Let's talk about Eye Colour & Genetics
Eye colour is can be a striking feature, so it’s no surprise people write songs and poetry celebrating someone’s eye colour. Whether or not you believe eyes are the window to the soul, eye colour is a genetic trait that has interesting things to say about your DNA.
How it works
We get our eye colour from a type of pigment called melanin. Melanin also determines the colour of our skin and hair. People who have a lot of a black- or brown-coloured type of melanin called eumelanin in the front layers of the iris will probably have darker eyes. Eumelanin is good at absorbing light, which gives it its darker colour. People with blue eyes have much less of this pigment in their eyes.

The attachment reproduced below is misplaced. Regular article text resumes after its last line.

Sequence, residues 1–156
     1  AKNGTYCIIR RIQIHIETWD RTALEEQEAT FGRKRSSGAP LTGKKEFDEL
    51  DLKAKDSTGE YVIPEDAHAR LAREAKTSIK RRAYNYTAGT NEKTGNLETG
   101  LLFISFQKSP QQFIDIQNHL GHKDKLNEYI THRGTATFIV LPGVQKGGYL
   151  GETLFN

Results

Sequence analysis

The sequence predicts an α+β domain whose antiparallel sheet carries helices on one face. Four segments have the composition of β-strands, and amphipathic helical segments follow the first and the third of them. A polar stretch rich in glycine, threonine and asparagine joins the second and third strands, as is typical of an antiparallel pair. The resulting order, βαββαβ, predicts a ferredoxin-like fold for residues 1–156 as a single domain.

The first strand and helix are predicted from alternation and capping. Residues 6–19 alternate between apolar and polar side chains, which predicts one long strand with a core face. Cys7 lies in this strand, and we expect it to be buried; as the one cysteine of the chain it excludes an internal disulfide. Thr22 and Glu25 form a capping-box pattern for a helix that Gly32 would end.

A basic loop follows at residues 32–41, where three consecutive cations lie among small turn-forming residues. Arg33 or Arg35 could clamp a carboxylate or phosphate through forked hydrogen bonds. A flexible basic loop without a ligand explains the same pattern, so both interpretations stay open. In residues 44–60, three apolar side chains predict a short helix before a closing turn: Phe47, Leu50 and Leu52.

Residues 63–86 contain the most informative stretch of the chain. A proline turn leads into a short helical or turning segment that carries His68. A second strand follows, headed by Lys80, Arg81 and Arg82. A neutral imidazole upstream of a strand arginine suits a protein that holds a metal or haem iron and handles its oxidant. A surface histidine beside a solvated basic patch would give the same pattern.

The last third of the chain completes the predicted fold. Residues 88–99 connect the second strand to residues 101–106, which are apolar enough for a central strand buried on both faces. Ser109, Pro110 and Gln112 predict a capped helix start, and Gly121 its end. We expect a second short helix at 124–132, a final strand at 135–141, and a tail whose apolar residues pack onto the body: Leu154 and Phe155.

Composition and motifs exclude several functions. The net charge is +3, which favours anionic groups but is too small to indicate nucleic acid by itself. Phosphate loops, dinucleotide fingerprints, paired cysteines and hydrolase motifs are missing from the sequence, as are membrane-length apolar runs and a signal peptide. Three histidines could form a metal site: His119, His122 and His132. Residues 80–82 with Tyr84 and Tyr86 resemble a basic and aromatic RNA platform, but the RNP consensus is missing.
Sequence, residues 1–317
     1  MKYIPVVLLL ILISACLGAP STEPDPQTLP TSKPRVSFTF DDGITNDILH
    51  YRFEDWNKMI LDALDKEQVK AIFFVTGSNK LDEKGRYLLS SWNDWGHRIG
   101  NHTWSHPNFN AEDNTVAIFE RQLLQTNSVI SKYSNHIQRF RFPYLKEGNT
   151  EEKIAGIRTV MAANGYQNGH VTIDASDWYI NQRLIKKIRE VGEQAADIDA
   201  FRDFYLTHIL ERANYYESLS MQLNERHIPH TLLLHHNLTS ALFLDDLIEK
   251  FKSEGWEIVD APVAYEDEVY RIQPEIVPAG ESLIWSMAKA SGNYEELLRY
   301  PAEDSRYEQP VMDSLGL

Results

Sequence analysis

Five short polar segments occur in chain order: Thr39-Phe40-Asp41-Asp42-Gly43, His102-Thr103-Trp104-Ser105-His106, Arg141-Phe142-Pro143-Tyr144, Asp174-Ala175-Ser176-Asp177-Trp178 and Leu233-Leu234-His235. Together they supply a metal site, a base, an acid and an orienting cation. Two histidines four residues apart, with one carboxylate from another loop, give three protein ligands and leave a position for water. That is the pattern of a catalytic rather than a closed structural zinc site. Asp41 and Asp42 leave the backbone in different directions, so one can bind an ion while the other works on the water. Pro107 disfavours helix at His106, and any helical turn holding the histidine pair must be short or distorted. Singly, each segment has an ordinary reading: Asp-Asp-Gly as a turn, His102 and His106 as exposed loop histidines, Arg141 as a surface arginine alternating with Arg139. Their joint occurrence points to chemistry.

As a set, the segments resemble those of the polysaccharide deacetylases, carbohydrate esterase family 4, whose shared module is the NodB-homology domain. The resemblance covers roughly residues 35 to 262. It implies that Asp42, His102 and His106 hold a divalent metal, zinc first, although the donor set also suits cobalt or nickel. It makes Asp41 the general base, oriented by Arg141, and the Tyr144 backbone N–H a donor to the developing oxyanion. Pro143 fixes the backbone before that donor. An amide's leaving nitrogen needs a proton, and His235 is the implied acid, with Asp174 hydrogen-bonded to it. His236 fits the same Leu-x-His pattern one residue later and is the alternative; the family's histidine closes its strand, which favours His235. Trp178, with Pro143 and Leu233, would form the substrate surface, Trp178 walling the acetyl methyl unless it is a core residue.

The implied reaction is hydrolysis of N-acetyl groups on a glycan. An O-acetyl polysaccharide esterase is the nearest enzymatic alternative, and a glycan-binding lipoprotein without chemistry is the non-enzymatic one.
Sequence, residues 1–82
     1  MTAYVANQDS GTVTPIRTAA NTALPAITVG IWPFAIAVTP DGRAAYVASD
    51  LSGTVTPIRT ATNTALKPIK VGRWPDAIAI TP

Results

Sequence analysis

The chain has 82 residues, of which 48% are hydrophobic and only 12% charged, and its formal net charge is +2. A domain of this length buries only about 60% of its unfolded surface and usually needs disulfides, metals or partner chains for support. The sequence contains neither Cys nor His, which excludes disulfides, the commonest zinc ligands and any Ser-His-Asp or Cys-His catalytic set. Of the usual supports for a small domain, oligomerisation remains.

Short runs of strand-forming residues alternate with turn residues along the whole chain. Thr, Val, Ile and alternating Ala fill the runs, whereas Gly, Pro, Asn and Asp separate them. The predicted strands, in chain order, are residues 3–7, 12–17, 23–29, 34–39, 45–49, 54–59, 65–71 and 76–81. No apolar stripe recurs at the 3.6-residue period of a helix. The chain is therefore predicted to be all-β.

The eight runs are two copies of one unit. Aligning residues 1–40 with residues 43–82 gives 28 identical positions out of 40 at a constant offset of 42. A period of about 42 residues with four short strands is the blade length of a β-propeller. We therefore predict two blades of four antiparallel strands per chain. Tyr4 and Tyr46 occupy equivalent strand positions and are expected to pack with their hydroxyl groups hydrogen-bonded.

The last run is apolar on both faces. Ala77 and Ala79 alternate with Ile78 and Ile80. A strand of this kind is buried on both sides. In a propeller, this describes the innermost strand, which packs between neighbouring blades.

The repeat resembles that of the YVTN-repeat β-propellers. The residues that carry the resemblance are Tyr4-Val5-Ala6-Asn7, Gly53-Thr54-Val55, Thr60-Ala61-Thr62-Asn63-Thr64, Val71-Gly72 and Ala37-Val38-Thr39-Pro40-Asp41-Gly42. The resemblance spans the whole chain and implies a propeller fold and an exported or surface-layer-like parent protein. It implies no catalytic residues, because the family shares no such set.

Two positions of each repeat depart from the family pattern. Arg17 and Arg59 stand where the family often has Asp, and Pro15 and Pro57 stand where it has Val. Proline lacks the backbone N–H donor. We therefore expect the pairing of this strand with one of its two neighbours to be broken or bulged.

The genetic link
Eye colour is a complex genetic trait because multiple genes are involved. One of the most important genetic factors is a marker near a gene called OCA2 that affects how much brown pigment your cells produce, and thus how much brown pigment is in your eyes.
Did you know?
Our ancient ancestors had brown eyes. But at some point in history, a baby was born with a genetic variant leading to a new eye colour: blue. Most light-eyed people carry that same genetic variant to this day.
What’s the genetic story behind your eye colour? 23andMe’s Health + Ancestry Service can help you find out. Pick up one of our kits and we’ll tell you what your genetics have to say about your eye colour.
Eiberg H et al. (2008). “Blue eye colour in humans may be caused by a perfectly associated founder mutation in a regulatory element located within the HERC2 gene inhibiting OCA2 expression.” Hum Genet. 123(2):177-87.